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Make an Emergency Behavior Chart


Girl in church
Greg Ceo/Getty Images

Most behavior charts are intended to improve your child's performance over time, or provide weekly motivators for staying in line. Sometimes, though, you need to reward behavior in the short-term -- making it through a church service, maybe, or surviving a mall trip. Using a chart to break down the activity into small rewardable units of time can make it easier for your child to get it done.

Start by figuring out a reasonable time period for your child to go without a reward. For a very young child or a child with severe behavior issues, it may be as little as five minutes. Let your child know that for every five minutes of appropriate behavior, he will get a reward. It might be a sticker on a piece of paper, or a small edible item, or a coin, or a few moments with an obsessed-about item. If the behavior during any specific increment doesn't cut it, the reward is missed, but the time resets and the next increment of time is open for change.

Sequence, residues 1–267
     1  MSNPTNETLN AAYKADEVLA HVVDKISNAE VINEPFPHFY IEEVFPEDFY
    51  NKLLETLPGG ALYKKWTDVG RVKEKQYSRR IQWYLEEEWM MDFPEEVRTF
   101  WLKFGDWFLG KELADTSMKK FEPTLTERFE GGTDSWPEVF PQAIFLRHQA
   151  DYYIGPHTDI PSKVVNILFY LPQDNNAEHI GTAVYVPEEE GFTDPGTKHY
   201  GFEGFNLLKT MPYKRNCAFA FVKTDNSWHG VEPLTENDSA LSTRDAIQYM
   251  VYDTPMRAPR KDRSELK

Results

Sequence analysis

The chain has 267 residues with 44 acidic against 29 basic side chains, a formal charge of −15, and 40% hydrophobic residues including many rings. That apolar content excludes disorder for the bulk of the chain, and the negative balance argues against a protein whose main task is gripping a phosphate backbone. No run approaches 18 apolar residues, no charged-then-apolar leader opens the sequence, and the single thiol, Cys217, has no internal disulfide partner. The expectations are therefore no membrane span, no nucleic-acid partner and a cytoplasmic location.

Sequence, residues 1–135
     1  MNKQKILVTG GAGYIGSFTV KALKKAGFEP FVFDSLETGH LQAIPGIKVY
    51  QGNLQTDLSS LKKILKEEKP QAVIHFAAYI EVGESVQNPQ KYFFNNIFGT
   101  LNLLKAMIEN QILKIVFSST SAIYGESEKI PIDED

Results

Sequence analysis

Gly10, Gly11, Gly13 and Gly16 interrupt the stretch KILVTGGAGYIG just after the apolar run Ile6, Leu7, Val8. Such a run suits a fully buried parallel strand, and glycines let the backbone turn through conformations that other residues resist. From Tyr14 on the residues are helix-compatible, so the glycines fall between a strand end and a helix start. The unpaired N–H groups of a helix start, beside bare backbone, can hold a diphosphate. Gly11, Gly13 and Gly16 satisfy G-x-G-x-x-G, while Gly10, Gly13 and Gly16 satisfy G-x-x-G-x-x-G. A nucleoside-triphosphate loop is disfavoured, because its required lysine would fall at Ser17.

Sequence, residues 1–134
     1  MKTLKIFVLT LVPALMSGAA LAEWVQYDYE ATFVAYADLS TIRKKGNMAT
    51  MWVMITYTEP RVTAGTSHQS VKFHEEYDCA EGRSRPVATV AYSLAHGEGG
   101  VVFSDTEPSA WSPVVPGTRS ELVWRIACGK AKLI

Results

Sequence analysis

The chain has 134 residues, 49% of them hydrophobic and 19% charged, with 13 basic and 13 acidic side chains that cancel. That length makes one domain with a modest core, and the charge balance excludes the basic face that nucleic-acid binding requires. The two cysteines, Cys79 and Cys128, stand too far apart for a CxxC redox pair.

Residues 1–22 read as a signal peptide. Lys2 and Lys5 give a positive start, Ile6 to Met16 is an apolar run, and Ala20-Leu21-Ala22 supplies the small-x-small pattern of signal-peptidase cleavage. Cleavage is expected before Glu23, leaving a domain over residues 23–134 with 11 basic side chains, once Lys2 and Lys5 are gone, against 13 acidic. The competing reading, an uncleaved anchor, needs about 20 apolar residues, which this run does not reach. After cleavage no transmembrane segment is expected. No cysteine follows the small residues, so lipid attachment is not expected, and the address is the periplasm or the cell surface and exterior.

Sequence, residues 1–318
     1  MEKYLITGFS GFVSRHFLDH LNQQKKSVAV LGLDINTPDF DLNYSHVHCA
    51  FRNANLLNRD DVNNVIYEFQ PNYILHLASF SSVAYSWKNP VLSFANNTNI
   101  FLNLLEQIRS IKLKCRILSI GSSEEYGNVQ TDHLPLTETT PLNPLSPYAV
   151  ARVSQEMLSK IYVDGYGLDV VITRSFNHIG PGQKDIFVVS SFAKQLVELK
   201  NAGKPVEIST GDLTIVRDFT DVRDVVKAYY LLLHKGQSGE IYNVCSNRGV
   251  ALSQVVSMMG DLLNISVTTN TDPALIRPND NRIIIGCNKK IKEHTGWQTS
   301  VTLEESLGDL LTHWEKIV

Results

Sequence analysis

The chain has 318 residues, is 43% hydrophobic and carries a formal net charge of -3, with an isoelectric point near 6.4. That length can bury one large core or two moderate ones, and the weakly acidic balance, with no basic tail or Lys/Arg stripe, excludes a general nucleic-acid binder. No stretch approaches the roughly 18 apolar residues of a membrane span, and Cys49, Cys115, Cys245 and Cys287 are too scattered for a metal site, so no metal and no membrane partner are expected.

This may be a chart in spirit only, if you're implementing it on the run and don't have time to write something out. But if you use this method often, or your child particularly responds to the idea of checking things off a chart, try drawing up a simple grid with the time limits you've determined, and make some copies to carry around with you. (Download this grid, if you like. It has fifteen boxes that are big enough for filling with stickers or notes.) You can do this on the fly, too, if you keep a small notebook with graph paper handy in your bag of tricks. It may seem like a bother, but if it buys you good behavior, it's worth it. And you'll get a star on your parenting chart.

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